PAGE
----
of hair sprinkled around the back of his neck—the haircut. The sight makes me queasy, so I pretend we are in Hawaii. The waves lap at our ankles as we walk beside the water. The thin chords of a ukulele drone as we kiss while the sun goes down. He picks me up over his shoulder and throws me into the frothy surf. For a moment, I am happy—weightless as a child being tossed above her father’s head.
When he wakes, he asks what is wrong. I don’t know how to tell him the answer to his question.
Instead I say, “You are my island of happiness.”
I bought a new hairbrush and hid it at the bottom of my sock drawer. I brushed my hair secretly in my bedroom and wore my hair in a tight bun. One night, my mother barged in on me examining myself in the mirror. She said, “Your vanity is endless.” I did not mention that I had seen her staring at photos of herself—before and after shots given to her by the salon, close-ups of the back of her head.
She stopped taking me with her to Beverly Hills. The bottles at the bottom of the shower multiplied. Their labels advertised them as stimulating scalp shampoos, protein daily rinses, density boost conditioners—as everything except what they were. I overheard her mention Ringo casually on the phone to her friend, as if she’d known him for years. She did not say how she met him.
From the internet, she purchased a laser wand to encourage hair growth. She held it over each inch of her head for five-minute intervals twice a day. When I asked what the wand was for, she said, “Vitamin D. I don’t get enough sun.”
“Why don’t you take a walk,” I said.
My new boyfriend goes on vacations with his family. After he graduated from university, he took the Trans-Siberian Railway from Beijing to Moscow with his parents and his younger brother. On the train, the Russians were hospitable and made sure his family always had a bottle of vodka. His mother, knowing that once a bottle is opened it must be finished, drank with them shot for shot.
When they went to Disneyworld, she went on every ride. I picture her there—platinum hair ratty from the wind and clothes soaked in chlorinated water from Splash Mountain.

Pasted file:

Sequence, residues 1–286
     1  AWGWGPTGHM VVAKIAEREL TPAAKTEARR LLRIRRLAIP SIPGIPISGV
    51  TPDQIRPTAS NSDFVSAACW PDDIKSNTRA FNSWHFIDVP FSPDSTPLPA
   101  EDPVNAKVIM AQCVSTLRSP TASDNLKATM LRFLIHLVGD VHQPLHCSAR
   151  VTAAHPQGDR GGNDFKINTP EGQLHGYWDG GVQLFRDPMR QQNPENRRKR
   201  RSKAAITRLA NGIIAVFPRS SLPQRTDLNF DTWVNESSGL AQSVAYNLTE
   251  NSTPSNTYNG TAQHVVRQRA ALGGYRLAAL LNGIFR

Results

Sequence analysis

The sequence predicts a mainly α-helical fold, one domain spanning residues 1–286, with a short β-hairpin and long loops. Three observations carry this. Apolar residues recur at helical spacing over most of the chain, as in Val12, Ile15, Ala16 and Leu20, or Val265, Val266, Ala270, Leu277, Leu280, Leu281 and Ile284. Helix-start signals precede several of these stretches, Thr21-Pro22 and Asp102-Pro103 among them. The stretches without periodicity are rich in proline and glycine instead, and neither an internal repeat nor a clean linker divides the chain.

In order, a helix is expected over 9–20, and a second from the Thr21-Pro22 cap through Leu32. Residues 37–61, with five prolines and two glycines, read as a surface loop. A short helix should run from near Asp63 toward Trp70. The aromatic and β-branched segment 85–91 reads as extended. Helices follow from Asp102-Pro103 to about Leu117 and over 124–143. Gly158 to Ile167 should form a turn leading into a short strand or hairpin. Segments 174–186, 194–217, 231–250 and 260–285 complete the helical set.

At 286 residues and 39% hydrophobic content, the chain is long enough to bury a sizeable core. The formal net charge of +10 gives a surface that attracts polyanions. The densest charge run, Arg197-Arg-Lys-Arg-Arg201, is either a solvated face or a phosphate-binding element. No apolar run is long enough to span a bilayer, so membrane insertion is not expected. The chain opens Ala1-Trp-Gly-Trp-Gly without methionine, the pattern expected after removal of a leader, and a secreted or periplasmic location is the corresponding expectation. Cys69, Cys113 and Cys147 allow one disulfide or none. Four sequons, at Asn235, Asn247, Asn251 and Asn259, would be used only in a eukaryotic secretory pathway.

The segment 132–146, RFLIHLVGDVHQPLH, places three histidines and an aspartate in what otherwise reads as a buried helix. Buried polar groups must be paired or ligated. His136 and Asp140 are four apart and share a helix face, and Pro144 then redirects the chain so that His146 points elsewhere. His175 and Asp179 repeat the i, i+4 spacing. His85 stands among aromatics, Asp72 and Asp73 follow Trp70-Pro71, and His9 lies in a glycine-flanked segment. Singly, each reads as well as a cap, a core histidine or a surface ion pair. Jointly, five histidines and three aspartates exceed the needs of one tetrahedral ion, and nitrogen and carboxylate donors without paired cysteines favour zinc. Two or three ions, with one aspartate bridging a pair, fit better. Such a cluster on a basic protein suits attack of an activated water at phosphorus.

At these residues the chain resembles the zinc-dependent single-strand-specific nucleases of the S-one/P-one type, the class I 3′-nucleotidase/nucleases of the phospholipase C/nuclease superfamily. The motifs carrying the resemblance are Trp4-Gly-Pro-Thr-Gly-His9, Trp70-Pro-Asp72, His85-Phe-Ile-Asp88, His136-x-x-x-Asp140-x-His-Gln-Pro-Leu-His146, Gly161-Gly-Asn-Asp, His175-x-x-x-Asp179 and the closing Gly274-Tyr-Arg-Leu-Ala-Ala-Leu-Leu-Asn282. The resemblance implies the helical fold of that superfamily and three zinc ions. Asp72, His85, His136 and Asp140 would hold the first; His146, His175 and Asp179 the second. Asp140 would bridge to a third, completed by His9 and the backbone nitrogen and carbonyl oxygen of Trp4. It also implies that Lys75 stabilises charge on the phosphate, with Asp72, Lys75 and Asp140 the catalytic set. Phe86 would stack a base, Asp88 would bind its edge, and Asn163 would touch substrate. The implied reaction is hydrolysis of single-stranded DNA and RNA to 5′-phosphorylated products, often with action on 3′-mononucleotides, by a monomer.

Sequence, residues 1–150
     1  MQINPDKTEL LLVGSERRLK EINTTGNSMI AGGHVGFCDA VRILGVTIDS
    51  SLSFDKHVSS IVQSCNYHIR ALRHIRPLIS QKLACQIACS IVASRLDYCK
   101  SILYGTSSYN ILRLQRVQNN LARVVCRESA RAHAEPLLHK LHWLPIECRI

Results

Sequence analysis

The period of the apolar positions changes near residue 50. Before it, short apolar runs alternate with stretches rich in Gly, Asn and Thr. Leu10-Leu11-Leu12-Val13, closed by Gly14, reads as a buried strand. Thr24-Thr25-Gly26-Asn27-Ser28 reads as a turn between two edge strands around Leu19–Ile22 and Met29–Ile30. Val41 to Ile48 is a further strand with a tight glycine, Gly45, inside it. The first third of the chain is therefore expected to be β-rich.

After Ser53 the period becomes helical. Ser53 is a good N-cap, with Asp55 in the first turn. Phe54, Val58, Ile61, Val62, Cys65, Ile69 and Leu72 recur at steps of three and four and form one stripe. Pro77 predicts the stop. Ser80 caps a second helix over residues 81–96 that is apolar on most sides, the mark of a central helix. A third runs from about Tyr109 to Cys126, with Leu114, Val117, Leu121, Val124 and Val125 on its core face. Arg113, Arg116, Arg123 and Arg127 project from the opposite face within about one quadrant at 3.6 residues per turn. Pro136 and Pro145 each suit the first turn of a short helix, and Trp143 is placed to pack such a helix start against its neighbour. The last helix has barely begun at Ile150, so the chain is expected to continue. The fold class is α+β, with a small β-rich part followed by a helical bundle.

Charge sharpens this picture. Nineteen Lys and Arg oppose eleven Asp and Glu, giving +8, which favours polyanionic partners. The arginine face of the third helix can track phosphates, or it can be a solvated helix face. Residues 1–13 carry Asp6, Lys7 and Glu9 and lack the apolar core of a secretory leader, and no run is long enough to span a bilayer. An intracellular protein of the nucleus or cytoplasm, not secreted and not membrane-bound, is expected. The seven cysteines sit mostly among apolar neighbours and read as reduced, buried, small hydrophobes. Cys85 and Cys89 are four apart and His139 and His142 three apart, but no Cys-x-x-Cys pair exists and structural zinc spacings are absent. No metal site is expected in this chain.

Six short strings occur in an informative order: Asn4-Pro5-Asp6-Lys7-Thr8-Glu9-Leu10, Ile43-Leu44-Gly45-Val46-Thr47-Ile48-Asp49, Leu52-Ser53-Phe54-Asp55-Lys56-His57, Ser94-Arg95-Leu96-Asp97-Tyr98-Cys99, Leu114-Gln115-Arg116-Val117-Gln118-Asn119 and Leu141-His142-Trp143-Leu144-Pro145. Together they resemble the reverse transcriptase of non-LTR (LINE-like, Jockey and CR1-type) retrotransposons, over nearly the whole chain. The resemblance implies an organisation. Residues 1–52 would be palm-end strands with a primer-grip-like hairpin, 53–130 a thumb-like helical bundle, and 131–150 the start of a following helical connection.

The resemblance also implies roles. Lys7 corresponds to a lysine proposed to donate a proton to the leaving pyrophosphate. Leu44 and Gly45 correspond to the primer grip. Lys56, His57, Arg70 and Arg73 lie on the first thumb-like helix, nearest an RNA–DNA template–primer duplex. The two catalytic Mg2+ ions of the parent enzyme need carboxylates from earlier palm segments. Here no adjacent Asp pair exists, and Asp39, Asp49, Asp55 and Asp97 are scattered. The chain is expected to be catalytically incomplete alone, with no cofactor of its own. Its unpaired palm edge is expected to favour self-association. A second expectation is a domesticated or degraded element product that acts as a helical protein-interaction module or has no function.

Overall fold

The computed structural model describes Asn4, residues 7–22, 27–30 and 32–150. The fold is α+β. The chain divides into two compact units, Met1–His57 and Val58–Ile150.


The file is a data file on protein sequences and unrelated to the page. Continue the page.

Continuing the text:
We never went on family vacations. One time, my mother drove me to Santa Monica beach. We shared a corn dog and a lemonade. We walked along the pier and I had my caricature drawn while she watched from the shade, applying high-SPF sunscreen and combing her fingers through her hair, then long. Later, when her hair was short, she would still run her fingers down her chest, remembering.
“If we go to Hawaii,” my new boyfriend says.
“When,” I say.
When we go, I will wear my hair down and drink rum cocktails
decorated with tiny umbrellas in the sun until I am lightheaded. We will dance all night at the cheesy hotel luau, the colorful leis scratching our sunburned skin.
My mother said I needed a haircut. She had just started seeing a doctor who activated her scalp with thin needles and prescribed a mix of hormone pills. I found the bottle of medicine first, then the invoice from the doctor for her weekly procedures.
“Look how long your hair is getting,” she said. “You look like a fundamentalist.”
“I’m afraid of hairdressers,” I said. “They love telling you what you’re doing wrong. Split ends, dry scalp, I don’t care.”
“I can cut your hair.”
When she came back with a shiny pair of scissors and no chair, first I begged and then I said nothing.
She told me to hold still and put her hand to the back of my neck. Her fingers dug in but did not leave a mark. Three snips was all it took. My new hair was short and jagged, as if I were a doll that a child had given a haircut.
I can’t forgive you, I thought.
“Tell everyone you got gum stuck in your hair,” my mother said.
My boyfriend and I book flights to Hawaii. I buy us matching Hawaiian shirts and eat macadamia nuts to prepare for the trip.
When I am by myself, I practice wearing my hair down, flipping it behind me as I walk. On our way to the airport, we drop his dog off at his parents’ house. His mother waits at the door as we drive away, waving as our car rounds the corner.
When we are in the air, high above the Pacific, I try to tell him why I don’t speak to my mother. But what I can’t explain is this—how she is always there like a phantom limb, the body’s memory of what is lost.
From She Is Haunted by Paige Clark, copyright © 2022 by Paige Clark, used with permission of the author and Two Dollar Radio.